Effects of Exposure to Electromagnetic Fields: Thirty years of research
zaterdag, 19 augustus 2023 - Categorie: Artikelen
August 15, 2023
The preponderance of research published from 1990 through July 2023 has found significant effects from exposure to radio frequency radiation as well as to extremely low frequency and static electromagnetic fields.
Dr. Henry Lai, Professor Emeritus at the University of Washington, Editor Emeritus of the journal, Electromagnetic Biology and Medicine, and an emeritus member of the International Commission on the Biological Effects of EMF, has compiled summaries of the research on the biological effects of exposure to radio frequency (RFR) and extremely low frequency (ELF) and static electromagnetic fields (EMF). His set of abstracts which cover the period from 1990 to July 2023 constitute a comprehensive collection of the research.
Dr. Lai reports that the preponderance of the research has found that exposure to RFR or ELF EMF produces oxidative effects or free radicals, and damages DNA. Moreover the preponderance of RFR studies that examined genetic, neurological and reproductive effects has found significant effects. Among hundreds of studies of RFR, 70% to 89% reported significant effects. Among hundreds of studies of ELF and static fields, 74% to 91% reported significant effects.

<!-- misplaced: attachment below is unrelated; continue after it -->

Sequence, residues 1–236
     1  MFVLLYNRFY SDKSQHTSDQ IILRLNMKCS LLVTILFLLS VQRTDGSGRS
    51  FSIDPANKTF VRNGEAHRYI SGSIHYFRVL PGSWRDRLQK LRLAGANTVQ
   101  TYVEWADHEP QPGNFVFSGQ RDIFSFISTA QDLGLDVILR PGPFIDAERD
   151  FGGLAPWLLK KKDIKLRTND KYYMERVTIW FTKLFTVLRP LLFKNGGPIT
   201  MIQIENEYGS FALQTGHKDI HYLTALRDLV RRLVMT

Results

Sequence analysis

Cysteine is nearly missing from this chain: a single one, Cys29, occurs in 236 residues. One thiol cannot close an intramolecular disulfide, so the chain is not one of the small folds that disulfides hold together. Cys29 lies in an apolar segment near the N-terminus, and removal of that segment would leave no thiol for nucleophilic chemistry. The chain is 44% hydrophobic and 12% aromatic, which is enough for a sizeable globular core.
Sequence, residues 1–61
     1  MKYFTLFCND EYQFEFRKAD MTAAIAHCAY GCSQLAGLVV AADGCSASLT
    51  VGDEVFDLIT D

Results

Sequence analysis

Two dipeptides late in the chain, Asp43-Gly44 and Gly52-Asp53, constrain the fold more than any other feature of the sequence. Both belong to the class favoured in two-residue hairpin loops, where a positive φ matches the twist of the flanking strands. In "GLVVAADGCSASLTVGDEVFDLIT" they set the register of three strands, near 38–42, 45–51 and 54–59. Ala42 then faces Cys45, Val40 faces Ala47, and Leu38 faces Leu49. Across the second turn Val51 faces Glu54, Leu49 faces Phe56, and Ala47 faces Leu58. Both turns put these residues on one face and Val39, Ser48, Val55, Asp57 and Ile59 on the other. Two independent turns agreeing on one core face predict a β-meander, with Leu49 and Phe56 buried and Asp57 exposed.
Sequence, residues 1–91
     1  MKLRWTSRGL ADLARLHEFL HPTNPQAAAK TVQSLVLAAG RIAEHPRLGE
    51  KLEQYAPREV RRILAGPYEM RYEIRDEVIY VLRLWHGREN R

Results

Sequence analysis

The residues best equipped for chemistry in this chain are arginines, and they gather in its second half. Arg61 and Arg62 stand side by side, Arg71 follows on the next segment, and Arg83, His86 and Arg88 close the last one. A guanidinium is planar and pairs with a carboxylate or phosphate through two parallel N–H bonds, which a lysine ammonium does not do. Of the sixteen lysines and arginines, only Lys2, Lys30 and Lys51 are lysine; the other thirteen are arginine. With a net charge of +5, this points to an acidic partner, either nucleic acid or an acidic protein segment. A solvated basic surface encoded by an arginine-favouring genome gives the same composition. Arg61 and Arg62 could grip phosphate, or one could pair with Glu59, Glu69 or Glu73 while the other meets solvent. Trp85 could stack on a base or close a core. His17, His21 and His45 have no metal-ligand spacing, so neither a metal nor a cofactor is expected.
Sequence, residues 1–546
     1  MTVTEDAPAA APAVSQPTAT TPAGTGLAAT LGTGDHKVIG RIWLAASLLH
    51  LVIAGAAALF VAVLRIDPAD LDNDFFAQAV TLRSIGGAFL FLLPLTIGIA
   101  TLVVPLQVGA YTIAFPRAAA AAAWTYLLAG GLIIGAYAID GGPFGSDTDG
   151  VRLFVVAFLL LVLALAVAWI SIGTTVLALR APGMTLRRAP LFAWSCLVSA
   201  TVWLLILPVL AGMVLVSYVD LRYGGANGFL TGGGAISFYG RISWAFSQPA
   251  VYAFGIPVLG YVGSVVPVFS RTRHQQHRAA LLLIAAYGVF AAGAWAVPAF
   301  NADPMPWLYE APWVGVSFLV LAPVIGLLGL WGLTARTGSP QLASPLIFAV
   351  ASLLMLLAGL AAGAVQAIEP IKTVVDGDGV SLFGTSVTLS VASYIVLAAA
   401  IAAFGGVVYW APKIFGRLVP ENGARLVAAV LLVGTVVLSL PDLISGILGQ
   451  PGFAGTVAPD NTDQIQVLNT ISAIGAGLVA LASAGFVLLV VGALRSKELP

Currently, there are about 2,500 studies in Dr. Henry Lai's collection of research on the effects of exposure to RFR and static or ELF/static fields EMF. The abstracts for these studies can be downloaded by clicking on the links below.
Government and scientists who receive industry funding for their research often claim that research on the effects of exposure to EMF is inconsistent, and that more research is needed before health warnings are issued or regulatory exposure limits are strengthened.
In 2011, the International Agency for Research on Cancer (IARC) of the World Health Organization classified radio frequency radiation (RFR) “possibly carcinogenic to humans” (Group 2B). The IARC plans to review RFR again by 2024 because most peer-reviewed studies published in the past decade found significant evidence that RFR causes genotoxicity. Thus, the IARC will likely re-classify RFR to either ''probably carcinogenic to humans'' (Group 2A) or ''carcinogenic to humans'' (Group 1) at the next expert review.
Cell phones and other wireless devices also produce static and extremely low frequency (ELF) electromagnetic fields. ELF was classified by the IARC as “possibly carcinogenic to humans” (Group 2B) a decade before RFR received this classification.
The evidence for DNA damage has been found more consistently in animal and human (in vivo) studies than in studies of cell cultures (in vitro).
See further the link at the top
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